iAnthus Capital Holdings announces that Robert Galvin will transition out of his role as Interim Chief Operating Officer of the Company, effective immediately.
IM Cannabis, a medical cannabis company with operations in Israel and Germany, releases message from the CEO about the Israel-Hamas War and announces the company, through its wholly-owned subsidiaries, IMC Holdings Ltd. and Rosen High Way Ltd., has secured C$1,390,000 in short-term debt.
IM Cannabisannounced that Uri Birenberg will join the company’s leadership team as Chief Financial Officer effective October 10, 2023.
Lead GOP Senate cosponsor of a bipartisan marijuana banking bill says a planned floor vote is on pause until he can ensure the legislation will later pass the Republican-controlled House, according to a cannabis financing executive who spoke with the senator this week.
Letter to Attorney General Garland and DEA Administrator Milgram urging halt to rescheduling process.
MariMed, Incannounced “Small Batch Exclusives,” a unique, limited-time program that gives customers the opportunity to purchase legendary flower strains.
MariMed Inc. retail footprint has once again expanded, as the company officially unveiled an adult-use Thrive dispensary in Casey, Illinois. This marks the fifth dispensary in operation within the state of Illinois and the 12th dispensary in MariMed’s expanding portfolio across five states.
Organigram Holdingshas obtained a receipt for a final short form base shelf prospectus filed with the securities commissions in each of the provinces and territories of Canada. A corresponding shelf registration statement on Form F-10 has been filed with the United States Securities and Exchange Commission (SEC File No. 333-274686) but is not yet effective.
RISE Dispensaries owned by Green Thumb Industries Inc.announced that RISE Dispensary Brandon, the Company’s 9th retail location in Florida, will open on October 14th.
SAFE Banking now with 84 co-sponsors…
SunStream Bancorpannounced a receivership court order granting the sale of certain assets of Greenpeak Industries Inc. and certain affiliated entities d.b.a. Skymint to Skymint Acquisition Co., a newly formed designee entity of Tropics LP. Tropics is a limited partnership fully owned by an affiliate of Sunstream, a joint venture sponsored by SNDL Inc.
Trulieve Cannabis has added $500,000 to a ballot initiative aimed at legalizing the recreational use of marijuana, bringing its total contributions to $39.55 million, according to a newly filed finance report.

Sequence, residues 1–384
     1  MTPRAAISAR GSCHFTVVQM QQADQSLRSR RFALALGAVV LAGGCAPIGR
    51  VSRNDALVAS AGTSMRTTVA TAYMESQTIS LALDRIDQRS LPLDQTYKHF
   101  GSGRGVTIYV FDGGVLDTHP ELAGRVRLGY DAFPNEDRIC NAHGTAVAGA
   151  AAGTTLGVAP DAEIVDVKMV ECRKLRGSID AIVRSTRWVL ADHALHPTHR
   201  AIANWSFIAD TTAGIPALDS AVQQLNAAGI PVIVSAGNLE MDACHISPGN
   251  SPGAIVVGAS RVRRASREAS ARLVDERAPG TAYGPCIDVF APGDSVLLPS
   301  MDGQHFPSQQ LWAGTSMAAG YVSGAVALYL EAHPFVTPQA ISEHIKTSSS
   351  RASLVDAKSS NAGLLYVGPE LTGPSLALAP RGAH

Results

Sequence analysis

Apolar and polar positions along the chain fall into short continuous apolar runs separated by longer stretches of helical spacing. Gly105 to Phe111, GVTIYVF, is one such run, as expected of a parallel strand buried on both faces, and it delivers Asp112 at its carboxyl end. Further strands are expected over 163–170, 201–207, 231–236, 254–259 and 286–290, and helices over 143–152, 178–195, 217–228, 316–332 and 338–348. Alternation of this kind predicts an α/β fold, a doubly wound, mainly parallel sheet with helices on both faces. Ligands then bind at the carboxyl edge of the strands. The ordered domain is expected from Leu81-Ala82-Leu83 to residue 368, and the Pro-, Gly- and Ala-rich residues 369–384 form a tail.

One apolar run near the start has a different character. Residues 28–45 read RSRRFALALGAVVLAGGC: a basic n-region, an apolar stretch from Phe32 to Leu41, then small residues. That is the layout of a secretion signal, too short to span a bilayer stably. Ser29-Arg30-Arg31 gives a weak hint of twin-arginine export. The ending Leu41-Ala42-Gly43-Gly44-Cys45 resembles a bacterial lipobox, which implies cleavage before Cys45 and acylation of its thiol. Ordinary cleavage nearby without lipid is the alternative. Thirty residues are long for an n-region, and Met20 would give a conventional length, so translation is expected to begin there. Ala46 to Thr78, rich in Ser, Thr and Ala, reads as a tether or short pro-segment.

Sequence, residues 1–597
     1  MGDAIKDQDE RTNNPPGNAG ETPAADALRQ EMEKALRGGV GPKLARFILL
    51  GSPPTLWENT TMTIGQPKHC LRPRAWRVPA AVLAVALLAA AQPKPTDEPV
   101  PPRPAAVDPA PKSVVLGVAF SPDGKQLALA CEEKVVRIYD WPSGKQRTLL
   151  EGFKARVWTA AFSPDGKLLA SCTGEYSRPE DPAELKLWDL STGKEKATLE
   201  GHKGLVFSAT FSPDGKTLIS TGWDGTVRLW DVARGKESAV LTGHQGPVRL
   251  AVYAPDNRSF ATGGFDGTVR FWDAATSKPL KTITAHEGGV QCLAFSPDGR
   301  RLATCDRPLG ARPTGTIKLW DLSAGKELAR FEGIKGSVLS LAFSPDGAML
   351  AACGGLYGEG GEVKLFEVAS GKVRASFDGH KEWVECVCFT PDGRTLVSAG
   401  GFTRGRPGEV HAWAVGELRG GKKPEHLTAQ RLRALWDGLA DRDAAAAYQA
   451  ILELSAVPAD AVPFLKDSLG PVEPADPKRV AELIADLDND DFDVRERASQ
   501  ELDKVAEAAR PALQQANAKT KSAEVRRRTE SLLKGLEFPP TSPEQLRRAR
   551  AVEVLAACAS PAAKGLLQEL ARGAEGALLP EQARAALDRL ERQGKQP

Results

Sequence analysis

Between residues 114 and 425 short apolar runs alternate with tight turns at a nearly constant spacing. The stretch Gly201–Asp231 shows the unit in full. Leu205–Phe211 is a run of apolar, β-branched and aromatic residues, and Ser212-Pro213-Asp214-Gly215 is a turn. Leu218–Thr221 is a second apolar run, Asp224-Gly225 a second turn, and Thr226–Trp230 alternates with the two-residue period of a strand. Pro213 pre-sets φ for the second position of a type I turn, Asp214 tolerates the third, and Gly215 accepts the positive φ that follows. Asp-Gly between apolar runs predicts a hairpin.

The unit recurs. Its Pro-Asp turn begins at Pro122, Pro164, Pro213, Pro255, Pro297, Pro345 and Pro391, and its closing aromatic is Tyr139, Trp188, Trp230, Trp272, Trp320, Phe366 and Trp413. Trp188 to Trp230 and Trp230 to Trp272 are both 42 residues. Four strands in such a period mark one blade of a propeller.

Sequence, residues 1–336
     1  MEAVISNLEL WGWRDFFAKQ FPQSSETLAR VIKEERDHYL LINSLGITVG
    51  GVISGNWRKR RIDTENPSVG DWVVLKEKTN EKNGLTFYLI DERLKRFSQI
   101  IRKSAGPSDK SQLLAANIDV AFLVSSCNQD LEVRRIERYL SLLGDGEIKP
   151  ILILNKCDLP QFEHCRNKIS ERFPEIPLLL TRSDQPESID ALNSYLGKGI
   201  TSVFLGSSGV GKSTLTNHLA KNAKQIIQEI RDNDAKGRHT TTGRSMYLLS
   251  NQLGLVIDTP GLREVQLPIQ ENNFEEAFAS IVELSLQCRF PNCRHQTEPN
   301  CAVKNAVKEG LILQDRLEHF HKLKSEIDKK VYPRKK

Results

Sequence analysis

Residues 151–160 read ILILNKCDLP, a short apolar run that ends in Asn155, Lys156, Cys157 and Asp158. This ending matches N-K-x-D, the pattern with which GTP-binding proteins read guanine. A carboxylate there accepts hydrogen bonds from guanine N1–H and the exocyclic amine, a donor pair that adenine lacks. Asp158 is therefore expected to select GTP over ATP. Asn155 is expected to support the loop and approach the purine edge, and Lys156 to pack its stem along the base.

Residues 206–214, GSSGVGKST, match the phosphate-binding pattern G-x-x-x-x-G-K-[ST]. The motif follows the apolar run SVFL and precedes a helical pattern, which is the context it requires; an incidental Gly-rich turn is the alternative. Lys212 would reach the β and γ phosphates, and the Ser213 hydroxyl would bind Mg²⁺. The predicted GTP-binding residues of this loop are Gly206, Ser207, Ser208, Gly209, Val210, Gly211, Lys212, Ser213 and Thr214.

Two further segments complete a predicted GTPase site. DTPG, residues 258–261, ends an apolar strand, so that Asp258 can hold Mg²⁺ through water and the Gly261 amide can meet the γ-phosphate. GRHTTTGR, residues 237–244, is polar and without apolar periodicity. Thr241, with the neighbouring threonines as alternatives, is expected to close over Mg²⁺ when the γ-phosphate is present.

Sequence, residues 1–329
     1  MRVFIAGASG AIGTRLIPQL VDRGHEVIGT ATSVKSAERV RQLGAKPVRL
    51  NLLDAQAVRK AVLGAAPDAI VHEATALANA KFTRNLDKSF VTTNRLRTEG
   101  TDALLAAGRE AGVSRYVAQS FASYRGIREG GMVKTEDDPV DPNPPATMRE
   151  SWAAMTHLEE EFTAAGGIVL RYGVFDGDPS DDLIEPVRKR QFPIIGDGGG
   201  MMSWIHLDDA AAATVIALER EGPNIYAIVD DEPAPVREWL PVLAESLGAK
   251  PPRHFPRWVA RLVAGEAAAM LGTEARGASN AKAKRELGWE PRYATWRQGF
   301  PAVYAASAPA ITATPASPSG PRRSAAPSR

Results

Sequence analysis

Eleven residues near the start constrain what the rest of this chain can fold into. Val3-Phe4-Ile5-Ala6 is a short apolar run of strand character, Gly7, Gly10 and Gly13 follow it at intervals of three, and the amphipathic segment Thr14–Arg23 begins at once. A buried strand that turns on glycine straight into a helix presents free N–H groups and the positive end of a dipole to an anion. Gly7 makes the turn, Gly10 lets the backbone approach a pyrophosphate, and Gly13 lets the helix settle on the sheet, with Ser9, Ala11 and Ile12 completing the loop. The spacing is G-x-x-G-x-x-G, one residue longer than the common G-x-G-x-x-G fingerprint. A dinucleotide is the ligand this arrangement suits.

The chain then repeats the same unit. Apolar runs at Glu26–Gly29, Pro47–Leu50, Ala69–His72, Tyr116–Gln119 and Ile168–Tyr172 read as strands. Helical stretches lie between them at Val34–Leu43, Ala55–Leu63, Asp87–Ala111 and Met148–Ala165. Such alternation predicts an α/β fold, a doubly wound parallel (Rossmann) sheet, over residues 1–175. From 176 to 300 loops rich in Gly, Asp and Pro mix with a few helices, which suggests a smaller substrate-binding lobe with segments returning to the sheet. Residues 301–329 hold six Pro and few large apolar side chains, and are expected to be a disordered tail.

Verano Holdingsannounced the opening of Zen Leaf Newington, the company’s second social equity joint venture location in Connecticut and fourth cannabis dispensary statewide, on October 13, following a ceremonial ribbon cutting at 9 a.m. local time.
Vext Sciencehas completed the previously announced non-brokered private placement of $11.5 million through the issuance of 67,647,058 common shares at a price of $0.17 per Common Share, including the full exercise of a $1.5 million over-allotment option.
Tier-1 cannabis multistate operator TerrAscend Corp. has made a notable splash in advance of Investor Day presentations at the Toronto Stock Exchange. The company has elevated forward-looking forecasts for net revenue and Adjusted EBITDA from ongoing operations for the entirety of 2023, signaling that business operations are exceeding previously-stated expectations.
For its full fiscal 2023, TerrAscend now expects net revenue and Adjusted EBITDA to register a minimum of $317 million and $63 million, respectively, versus previous a previous forecast of $305 million and $58 million. This represents year-over-year growth of 28% in net revenue and 62% in Adjusted EBITDA from continuing operations—both well above Tier-1 industry averages.
Furthermore, TerrAscend anticipates that its gross margin will surpass the 50% mark, and generate positive free cash flow from ongoing operations during the latter half of the year.
The House GOP’s pick for speaker, Steve Scalise, announced Thursday he will no longer seek the gavel as he confronted a likely insurmountable vote shortage. While Scalise had won a majority of votes in an internal GOP ballot a day earlier, he faced an ever-growing list of Republicans who vowed to support only his opponent, Rep. Jim Jordan, on the floor. The Ohio Republican is now expected to make another run for the position.